The Insurance Research Council (IRC) has published a report that comes out against small cars. It shows that the average auto injury claim payment in accidents involving lighter-weight vehicles was 14.3 percent greater than the average payment in accidents involving heavy vehicles. What does this mean? That the quest to find lighter, more fuel-efficient vehicles might result in more expensive insurance costs. So, when gas gets more expensive, we'll demand lighter cars that burn less fuel but they will be lighter and the insurance will cost more.

IRC's calculation method took into consideration 9,140 personal injury protection (PIP) claims closed in 2007. The cars in these incidents were divided into four weight groups. The IRC found that claims from the lightest group were 14.3 percent more expensive than from the heaviest vehicles. They also found that while 38 percent of the lightweight cars could resume commuting to work after the accident, 46 percent of the heavyweight vehicles were able to continue driving. Not only that, IRC's study says that driving a lighter vehicle made you 12 percent more likely to require hospitalization in case of an accident.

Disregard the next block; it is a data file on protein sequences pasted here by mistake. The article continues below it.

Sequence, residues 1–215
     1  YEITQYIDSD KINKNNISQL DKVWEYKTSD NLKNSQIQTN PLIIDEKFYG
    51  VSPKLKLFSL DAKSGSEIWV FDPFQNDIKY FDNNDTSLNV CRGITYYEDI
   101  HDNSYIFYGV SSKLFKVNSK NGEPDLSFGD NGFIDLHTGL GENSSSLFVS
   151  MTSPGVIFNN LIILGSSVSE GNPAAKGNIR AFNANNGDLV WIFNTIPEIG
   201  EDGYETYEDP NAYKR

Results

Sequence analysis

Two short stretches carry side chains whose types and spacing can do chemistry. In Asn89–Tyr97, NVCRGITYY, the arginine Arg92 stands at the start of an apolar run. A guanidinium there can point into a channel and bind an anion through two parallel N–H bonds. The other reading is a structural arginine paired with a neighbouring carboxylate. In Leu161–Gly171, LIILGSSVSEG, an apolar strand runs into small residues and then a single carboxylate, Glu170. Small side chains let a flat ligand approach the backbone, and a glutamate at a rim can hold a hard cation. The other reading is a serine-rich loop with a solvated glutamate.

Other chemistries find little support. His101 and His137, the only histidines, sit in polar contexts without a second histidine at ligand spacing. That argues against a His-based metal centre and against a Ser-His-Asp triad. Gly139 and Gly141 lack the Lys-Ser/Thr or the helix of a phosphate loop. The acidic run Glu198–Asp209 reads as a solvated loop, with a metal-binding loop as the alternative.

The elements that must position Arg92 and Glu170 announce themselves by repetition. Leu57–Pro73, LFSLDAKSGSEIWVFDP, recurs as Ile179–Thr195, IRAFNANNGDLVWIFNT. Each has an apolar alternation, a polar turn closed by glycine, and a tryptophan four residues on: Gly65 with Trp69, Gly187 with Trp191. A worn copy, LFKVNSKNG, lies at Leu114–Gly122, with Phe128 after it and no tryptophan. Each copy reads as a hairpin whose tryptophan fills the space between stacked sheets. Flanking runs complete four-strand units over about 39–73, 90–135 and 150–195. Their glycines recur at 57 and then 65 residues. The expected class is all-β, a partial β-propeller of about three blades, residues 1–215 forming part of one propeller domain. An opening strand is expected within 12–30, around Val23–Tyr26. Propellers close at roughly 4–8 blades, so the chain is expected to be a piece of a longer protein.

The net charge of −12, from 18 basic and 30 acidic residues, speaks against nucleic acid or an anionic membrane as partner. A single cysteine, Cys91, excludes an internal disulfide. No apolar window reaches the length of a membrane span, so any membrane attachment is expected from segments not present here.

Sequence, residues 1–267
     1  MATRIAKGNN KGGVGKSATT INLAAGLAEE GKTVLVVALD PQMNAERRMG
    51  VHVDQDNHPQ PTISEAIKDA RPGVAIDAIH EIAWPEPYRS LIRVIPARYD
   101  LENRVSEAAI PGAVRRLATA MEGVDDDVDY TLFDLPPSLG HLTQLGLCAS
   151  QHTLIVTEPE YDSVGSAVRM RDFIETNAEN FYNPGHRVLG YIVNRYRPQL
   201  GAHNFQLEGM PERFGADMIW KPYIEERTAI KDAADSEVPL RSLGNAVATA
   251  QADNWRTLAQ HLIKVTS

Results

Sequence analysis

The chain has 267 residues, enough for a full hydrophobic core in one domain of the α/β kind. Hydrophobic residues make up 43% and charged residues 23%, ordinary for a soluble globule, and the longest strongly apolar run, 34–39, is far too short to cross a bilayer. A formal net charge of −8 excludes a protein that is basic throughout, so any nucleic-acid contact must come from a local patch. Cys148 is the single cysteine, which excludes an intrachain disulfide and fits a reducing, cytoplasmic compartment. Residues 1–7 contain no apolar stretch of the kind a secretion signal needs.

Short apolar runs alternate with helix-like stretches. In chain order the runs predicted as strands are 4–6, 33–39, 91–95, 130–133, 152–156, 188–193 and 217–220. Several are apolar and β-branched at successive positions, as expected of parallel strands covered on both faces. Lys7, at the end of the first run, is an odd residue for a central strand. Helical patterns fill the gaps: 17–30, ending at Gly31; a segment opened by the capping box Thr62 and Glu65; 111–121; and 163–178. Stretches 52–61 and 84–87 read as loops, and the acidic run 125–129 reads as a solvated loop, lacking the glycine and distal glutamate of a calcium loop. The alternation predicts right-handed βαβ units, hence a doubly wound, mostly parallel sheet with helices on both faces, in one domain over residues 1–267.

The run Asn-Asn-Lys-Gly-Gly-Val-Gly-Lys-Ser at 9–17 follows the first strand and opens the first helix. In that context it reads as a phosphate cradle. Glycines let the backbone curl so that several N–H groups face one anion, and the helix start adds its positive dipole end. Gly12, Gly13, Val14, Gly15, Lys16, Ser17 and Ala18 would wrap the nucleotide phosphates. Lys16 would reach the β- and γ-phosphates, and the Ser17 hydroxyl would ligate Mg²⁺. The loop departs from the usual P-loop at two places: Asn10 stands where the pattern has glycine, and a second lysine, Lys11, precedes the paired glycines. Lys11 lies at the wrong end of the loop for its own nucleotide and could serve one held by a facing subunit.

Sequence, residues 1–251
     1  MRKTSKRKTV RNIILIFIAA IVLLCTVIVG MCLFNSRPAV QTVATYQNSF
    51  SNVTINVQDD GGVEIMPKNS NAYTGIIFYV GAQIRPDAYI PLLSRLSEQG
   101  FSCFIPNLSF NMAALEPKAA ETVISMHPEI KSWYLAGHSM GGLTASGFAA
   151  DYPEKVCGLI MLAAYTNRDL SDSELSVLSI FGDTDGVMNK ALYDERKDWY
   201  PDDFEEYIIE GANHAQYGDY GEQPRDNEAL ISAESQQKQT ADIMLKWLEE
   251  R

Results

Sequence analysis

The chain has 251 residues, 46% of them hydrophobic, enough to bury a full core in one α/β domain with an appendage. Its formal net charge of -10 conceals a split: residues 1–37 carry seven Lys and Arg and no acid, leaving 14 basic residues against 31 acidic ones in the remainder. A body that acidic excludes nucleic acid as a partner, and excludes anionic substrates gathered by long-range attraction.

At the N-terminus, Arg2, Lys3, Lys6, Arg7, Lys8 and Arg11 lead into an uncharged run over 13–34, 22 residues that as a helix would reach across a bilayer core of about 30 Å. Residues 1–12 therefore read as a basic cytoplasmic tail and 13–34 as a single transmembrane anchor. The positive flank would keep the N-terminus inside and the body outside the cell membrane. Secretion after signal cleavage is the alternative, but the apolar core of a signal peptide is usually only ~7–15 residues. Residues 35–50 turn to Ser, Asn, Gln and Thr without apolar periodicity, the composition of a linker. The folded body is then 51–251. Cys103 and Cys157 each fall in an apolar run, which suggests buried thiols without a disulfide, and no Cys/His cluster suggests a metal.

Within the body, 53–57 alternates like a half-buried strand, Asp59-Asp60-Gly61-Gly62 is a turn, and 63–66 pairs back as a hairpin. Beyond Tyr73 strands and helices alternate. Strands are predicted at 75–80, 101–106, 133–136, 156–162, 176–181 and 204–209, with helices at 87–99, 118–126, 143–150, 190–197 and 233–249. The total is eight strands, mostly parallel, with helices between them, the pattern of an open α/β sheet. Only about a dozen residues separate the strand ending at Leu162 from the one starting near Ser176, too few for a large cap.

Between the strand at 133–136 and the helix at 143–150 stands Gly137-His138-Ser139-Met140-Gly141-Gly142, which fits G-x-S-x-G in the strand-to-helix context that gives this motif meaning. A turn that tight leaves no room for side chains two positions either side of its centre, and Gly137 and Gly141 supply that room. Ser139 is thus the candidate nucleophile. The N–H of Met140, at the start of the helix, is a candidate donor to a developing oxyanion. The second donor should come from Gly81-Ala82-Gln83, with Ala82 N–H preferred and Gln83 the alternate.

[Source: IRC]


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